问题描述:

I've written a little piece of code which performs a simple HTTP post against an external API which my MVC app connects to.

The code works, but I'm tired of building a string from my object in order to post it. What I'd like to do is re-use the Model part of the MVC pattern, and POST that. Here's what I'd like to be able to do.

MyModel model = new MyModel();

model.Name = "joe";

model.Age = 33;

model.Hobbies = new List<Hobby>();

model.Hobbies.Add(new Hobby{ hobby = "fargling", level = "expert"});

model.Hobbies.Add(new Hobby{ hobby = "dibbling", level = "novice"});

HttpHelper.doPOST("http://www.myservice.com/api", model);

doPost() would serialize the model into a string that looks like this

Name=Joe&Age=33&Hobbies[0].hobby=fargling&Hobbies[0].level=expert&Hobbies[1].hobby=dibbling&Hobbies[1].level=novice

For any individual cases I can write code to build a string like this, but is there a .NET method that already does this?

网友答案:

I'm not aware of anything in C# to do this, but you could use jQuery to do this client-side.

var data = @Html.Raw(Json.Encode(Model));
var query = $.param(data);

UPDATE

I didn't notice that you just decided to use JSON. Of course, that's the easiest and best option if the API endpoint supports it (are there really any that don't, though?). Nevertheless, I was intrigued by how to actually serialize an object into x-www-form-urlecoded in C#, and was more than a little surprised that there's no built in way that I could find. Even with the FormUrlEncodedMediaTypeFormatter in Web API, they side-stepped the issue by making it a read-only formatter (i.e. it can read x-www-form-urlencoded into a object, but not vice-versa). So, I wrote this kind of quick and dirty method. (Note: It uses reflection, so insert flame here, but I'm not sure how else you would achieve something like this.)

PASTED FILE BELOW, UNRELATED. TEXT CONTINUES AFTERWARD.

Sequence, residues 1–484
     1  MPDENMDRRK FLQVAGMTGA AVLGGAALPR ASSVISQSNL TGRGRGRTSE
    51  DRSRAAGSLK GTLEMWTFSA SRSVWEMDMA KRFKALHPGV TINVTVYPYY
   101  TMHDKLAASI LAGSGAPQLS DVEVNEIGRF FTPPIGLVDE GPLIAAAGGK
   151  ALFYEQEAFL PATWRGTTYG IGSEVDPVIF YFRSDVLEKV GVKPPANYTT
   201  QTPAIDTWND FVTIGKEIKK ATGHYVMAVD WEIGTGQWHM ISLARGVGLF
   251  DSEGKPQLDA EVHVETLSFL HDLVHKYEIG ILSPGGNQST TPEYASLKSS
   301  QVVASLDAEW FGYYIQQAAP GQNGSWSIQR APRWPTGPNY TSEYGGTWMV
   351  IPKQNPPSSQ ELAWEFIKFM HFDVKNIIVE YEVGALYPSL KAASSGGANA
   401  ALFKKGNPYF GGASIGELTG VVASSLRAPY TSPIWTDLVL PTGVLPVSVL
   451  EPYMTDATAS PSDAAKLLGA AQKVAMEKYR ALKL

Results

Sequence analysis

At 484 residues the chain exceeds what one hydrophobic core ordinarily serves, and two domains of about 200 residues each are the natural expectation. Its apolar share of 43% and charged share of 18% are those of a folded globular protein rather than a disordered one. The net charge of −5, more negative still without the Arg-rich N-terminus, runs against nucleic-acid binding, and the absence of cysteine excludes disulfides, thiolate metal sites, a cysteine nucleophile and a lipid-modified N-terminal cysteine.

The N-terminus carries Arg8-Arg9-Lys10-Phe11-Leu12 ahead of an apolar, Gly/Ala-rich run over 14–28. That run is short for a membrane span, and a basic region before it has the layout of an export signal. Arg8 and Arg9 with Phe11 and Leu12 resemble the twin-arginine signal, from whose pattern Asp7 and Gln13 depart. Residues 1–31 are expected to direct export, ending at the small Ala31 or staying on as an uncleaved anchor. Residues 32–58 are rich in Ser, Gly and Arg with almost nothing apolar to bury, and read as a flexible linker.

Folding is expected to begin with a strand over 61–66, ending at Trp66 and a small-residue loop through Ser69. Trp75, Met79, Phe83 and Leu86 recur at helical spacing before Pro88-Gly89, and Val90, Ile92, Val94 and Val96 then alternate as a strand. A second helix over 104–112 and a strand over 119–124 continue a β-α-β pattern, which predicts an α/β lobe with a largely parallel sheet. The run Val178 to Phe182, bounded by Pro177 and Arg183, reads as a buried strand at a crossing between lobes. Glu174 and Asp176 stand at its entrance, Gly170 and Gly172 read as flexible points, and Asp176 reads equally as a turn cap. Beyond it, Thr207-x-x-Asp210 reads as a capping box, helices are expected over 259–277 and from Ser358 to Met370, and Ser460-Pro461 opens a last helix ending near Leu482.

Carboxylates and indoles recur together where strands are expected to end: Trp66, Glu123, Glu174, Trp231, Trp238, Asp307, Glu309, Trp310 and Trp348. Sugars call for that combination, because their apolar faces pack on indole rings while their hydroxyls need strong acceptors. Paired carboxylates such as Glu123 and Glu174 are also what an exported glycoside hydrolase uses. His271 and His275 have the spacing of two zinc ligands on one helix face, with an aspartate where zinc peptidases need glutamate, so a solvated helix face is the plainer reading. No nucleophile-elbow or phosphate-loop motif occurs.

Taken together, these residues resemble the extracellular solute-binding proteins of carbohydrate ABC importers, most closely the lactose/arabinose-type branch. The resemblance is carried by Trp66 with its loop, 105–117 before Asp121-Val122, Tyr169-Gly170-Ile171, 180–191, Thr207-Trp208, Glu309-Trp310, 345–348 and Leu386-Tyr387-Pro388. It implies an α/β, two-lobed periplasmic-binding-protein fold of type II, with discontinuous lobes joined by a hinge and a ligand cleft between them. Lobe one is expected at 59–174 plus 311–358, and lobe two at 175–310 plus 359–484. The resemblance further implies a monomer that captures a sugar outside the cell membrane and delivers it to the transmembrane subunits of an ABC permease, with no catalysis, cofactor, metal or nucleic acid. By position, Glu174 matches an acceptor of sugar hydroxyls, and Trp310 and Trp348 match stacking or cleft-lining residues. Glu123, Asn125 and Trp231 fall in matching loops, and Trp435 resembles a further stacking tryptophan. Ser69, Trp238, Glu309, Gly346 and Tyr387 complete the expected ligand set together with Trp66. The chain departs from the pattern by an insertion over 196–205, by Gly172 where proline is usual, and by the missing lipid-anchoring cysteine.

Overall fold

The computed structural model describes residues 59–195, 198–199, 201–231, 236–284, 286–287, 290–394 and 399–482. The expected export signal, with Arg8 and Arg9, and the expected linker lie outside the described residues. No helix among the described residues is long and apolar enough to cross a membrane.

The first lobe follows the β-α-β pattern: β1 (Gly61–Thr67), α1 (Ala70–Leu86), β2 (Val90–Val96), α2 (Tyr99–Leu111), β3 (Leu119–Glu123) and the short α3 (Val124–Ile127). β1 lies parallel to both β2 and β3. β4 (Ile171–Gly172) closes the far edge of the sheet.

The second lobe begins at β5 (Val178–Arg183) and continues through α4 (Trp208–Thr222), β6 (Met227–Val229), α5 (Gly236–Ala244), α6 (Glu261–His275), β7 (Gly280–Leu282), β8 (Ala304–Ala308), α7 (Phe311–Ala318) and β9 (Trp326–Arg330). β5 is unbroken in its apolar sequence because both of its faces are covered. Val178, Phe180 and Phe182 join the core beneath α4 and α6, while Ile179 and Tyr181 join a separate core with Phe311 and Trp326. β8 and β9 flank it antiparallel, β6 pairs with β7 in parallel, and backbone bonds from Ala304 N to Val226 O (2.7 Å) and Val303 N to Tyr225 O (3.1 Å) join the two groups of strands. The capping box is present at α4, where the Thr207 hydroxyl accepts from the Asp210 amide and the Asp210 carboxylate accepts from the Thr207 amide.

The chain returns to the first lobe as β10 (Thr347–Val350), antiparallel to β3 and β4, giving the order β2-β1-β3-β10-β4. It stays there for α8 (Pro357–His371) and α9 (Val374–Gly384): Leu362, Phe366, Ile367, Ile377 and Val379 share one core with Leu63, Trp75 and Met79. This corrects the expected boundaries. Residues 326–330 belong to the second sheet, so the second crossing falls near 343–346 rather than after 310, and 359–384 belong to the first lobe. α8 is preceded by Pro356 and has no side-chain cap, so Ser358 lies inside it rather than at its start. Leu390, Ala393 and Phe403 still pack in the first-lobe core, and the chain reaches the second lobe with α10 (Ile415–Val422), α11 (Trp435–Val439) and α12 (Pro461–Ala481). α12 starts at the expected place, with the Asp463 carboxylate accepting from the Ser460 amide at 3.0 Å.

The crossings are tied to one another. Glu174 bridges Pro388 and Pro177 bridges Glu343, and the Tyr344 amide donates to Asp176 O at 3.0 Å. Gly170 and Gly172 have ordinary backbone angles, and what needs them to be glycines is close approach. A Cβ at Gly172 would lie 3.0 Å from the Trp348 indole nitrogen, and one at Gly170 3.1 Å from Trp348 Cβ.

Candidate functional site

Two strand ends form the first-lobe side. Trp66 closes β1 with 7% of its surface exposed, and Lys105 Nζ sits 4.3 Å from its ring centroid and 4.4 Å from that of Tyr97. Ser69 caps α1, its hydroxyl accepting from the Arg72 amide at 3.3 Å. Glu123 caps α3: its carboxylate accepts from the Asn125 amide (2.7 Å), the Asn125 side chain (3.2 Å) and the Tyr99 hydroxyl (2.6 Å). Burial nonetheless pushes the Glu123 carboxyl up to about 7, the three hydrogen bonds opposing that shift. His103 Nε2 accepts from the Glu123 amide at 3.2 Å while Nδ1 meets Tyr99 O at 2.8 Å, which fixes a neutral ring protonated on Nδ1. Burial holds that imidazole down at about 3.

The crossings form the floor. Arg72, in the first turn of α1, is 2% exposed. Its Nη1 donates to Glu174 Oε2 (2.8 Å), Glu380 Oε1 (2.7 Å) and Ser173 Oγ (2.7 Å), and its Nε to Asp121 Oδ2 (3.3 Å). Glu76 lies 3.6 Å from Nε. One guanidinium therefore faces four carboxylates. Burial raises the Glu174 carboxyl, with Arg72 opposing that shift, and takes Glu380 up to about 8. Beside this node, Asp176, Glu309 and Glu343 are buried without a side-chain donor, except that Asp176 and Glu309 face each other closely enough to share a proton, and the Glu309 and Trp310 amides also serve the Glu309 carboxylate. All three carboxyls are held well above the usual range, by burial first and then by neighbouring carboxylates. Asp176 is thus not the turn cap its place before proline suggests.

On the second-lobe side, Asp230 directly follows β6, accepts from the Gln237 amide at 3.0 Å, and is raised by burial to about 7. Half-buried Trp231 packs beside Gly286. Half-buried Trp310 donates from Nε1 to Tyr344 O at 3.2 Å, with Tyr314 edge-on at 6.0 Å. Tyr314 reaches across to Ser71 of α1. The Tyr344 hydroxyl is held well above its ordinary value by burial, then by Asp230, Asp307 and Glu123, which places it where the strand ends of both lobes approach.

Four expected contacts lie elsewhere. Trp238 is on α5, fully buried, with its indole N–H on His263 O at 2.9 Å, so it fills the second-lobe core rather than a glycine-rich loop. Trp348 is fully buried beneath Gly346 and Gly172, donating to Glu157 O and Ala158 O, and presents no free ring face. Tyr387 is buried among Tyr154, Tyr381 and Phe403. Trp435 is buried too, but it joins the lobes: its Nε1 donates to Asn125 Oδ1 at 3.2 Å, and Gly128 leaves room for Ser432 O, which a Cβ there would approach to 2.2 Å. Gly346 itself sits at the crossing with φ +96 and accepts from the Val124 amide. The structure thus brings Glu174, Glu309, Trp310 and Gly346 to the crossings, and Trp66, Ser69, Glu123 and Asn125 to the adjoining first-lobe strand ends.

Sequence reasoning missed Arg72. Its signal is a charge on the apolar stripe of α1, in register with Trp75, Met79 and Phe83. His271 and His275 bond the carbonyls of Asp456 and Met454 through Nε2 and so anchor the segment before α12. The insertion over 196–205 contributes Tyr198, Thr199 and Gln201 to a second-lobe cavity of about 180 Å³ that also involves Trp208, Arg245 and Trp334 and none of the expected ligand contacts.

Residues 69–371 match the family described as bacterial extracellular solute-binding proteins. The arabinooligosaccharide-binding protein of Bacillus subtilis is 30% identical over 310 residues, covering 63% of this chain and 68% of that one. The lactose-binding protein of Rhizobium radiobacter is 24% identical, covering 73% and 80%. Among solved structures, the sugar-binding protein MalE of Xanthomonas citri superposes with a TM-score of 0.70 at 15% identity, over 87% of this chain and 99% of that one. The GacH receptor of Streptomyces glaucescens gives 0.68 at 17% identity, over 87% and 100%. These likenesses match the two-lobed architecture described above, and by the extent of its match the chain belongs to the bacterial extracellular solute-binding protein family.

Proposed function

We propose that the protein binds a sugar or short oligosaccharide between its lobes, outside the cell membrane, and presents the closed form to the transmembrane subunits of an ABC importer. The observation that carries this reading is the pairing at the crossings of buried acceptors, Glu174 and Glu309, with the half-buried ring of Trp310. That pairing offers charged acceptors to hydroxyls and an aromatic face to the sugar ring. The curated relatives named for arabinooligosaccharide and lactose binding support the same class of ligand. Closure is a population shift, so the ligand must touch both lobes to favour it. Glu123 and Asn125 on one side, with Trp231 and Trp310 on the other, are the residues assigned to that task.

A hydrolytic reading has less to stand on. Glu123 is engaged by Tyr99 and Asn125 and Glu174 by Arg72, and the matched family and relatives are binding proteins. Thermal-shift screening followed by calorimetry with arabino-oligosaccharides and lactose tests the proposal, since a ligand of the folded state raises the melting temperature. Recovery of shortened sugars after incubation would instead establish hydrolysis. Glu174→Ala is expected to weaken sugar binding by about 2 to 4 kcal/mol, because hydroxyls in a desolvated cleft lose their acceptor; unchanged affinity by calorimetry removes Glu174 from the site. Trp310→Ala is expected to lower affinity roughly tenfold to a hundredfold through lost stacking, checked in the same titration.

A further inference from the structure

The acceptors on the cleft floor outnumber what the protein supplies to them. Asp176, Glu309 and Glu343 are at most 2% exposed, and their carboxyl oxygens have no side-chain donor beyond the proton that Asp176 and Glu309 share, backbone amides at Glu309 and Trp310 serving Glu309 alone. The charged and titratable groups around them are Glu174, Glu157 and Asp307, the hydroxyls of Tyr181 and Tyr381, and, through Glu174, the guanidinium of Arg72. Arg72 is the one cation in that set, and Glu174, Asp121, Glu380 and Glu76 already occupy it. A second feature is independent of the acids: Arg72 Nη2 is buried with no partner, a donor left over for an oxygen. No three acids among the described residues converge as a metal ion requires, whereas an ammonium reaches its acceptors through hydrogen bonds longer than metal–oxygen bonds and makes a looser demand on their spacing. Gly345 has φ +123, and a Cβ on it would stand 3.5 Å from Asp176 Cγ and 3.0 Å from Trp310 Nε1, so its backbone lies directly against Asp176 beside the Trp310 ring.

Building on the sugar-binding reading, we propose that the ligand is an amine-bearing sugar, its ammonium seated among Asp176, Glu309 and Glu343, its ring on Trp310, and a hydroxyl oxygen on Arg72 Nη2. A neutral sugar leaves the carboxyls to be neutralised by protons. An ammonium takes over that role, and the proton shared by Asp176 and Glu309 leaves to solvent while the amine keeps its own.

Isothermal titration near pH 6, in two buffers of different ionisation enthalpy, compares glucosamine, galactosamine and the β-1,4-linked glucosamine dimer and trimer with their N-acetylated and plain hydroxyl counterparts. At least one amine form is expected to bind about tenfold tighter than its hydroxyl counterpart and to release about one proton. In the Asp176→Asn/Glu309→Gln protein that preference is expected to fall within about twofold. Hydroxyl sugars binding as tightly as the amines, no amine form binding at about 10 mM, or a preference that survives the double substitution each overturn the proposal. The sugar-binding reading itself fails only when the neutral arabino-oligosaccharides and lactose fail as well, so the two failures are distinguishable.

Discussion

public void BuildFormUrlEncodedDataString(Type type, object obj, StringBuilder builder, string prefix = "")
{

    var props = type.GetProperties();
    foreach (var prop in props)
    {
        if (prop.CanRead)
        {
            if (typeof(IEnumerable).IsAssignableFrom(prop.PropertyType) && prop.PropertyType.IsGenericType)
            {
                IEnumerable list = (IEnumerable)prop.GetValue(obj);
                if (list != null)
                {
                    var i = 0;
                    foreach (var item in list)
                    {
                        if (item != null)
                        {
                            prefix += string.Format("{0}[{1}].", HttpUtility.UrlEncode(prop.Name), i);
                            BuildFormUrlEncodedDataString(item.GetType(), item, builder, prefix);
                            i++;
                        }
                    }
                }
            }
            else  if (prop.PropertyType.IsPrimitive || prop.PropertyType.Equals(typeof(String)))
            {
                var item = prop.GetValue(obj);
                if (item != null)
                {
                    builder.AppendFormat("{0}{1}{2}={3}",
                        builder.Length == 0 ? string.Empty : "&",
                        prefix,
                        prop.Name,
                        HttpUtility.UrlEncode(item.ToString())
                    );
                }
            }
            else
            {
                var item = prop.GetValue(obj);
                if (item != null)
                {
                    prefix += string.Format("{0}.", HttpUtility.UrlEncode(prop.Name));
                    BuildFormUrlEncodedDataString(item.GetType(), item, builder, prefix);
                }
            }
        }
    }
}

And you would use it like so:

var builder = new StringBuilder();
BuildFormUrlEncodedDataString(myObject.GetType(), myObject, builder)
var queryString = builder.ToString();

It's more an intellectual exercise at this point, since you no longer need it, but it was a fun diversion. Maybe it will come in handy to someone else.

网友答案:

I've found a workaround to this, which it turns out is a far better way of doing things anyway.

Instead of POSTing a querystring, I can simply serialize the object to JSON and then POST the JSON to the API instead. The API I'm using also accepts JSON so this saves me a lot of hassle.

For anyone who's interested in a solution to the above, I found some results under this question - How do I serialize an object into query-string format (which is also a far better way of phrasing what I was trying to say)

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